Randy Feenstra beats Steve King in the Republican 4th District primaries


Sen. Randy Feenstra, R-Hull, is seeking the Republican nomination in Iowa’s 4th Congressional District in the June 2 primary.

Katherine Kealey

The reign of the 20-year Congressman Steve King has come to an end after Randy Feenstra won the nomination for the 4th Congressional District in the Iowa Republican primary. 

Feenstra won with 45.6 percent of the votes, while King received 36 percent. Following King was Jeremy Taylor pulling in 7.8 percent. After winning, Feenstra tweeted a thank you to his followers and delivered a speech on Facebook. 

“I just want to thank all the voters in the 4th District who placed their trust in me,” Feenstra said in a Facebook livestream. “I said from day one that Iowans deserve a proven effective conservative leader that will deliver results. […] I promise you I will deliver results in Congress.” 

Feenstra is a politician and businessman, having served as an Iowa State senator for the 2nd District since 2009.

Raised Christian, Feenstra graduated from Western Christian High School and went on to receive his bachelor’s degree from Dordt University and his master’s in public administration from Iowa State University.

After his business career for Foreign Candy Company, Feenstra started work in local government until he was elected to the Iowa Senate, where he served on the Capital Projects, Tax Expenditure, Transportation, Ways and Means and State Government Committee.

According to Feenstra’s campaign website, he will work toward ending illegal immigration, protecting Christian values — such as defending the right to life — and supporting the Second Amendment.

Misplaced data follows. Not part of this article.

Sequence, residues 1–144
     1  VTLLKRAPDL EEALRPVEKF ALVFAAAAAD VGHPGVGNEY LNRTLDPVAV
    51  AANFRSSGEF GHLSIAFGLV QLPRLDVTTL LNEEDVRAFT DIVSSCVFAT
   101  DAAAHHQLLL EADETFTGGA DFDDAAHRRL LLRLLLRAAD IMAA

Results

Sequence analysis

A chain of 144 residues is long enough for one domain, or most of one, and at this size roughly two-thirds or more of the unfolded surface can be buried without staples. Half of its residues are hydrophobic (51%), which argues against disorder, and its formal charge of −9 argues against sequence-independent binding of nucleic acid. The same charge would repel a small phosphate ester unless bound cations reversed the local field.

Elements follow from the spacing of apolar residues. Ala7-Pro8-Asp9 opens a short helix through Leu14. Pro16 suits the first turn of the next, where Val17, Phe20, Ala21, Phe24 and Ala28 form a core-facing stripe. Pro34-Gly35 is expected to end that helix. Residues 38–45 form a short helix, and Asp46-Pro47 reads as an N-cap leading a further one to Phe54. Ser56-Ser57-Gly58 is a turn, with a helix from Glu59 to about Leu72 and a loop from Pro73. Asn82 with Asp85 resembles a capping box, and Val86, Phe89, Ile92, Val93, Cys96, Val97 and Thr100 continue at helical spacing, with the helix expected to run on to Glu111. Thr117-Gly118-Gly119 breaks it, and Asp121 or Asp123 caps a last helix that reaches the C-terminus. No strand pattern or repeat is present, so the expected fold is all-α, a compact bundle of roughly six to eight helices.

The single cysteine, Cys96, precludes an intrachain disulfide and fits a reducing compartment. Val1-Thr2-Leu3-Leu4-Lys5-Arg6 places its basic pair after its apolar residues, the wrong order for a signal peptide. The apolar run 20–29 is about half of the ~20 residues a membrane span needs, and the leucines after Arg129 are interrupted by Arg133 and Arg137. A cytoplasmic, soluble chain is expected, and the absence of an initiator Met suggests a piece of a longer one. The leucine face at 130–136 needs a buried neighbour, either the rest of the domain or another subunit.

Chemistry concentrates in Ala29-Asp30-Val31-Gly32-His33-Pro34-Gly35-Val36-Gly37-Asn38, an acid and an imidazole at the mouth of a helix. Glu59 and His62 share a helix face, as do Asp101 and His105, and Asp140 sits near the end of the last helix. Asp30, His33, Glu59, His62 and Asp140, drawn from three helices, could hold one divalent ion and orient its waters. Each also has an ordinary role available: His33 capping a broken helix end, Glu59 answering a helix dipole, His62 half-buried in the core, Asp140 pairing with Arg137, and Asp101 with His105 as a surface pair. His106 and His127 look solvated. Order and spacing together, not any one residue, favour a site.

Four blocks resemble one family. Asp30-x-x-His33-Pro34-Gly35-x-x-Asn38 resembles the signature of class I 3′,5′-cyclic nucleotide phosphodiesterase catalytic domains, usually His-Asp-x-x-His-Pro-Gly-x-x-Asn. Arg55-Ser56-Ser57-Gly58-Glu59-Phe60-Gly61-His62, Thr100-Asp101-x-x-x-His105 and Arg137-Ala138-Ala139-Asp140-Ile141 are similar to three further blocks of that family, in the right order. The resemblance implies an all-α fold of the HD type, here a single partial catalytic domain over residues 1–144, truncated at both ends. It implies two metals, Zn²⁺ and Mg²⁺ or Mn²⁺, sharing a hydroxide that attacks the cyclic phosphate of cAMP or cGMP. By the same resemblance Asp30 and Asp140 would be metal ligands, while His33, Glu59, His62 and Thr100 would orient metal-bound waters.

Chuck Klapatauskas, junior at Iowa State majoring in mechanical engineering, said he supported Feenstra over King.

“I think his campaign demonstrated a true movement forward and they capitalized on things Steve King did not,” Klapatauskas said.

Feenstra will go head to head with Democratic nominee J.D. Scholten. Scholten ran and lost against King in 2018 by three points. 

Scholten said regardless of who the Republican nominee is his campaign plans will stay the same moving forward.

“No matter who we are facing, our campaign is about what we stand for and we are going to go out to all 39 counties and try and earn votes,” Scholten said. “It doesn’t matter if you are white, black or brown, Democrat, independent or never voted before, we are going to go out and try to earn your vote. It is not so much who we are running against it is who we stand for.”

Teagan Wilcox, sophomore at Iowa State majoring in linguistics and director of social media for the College Democrats, said a race against King would be an easier win for Scholten due to his past, but she still has plenty of faith Scholten can beat Feenstra.

“I do think it is a harder fight for Scholten, but that is just when Dems have to come out even more and find other votes, independent voters and really do an even better job of getting all our votes out there,” Wilcox said. “I know that I am really looking forward to volunteering with J.D.’s campaign either way because I would really like to see him representing Iowans and I would love to have him represent my district.”

Klapatauskas said he thinks Feenstra will better represent Iowans than King since King had his committee stripped.

“We lost an important voice in the Judiciary and Ag Committee and I hope that Feenstra can help replace those and be a voice for Iowans,” Klapatauskas said.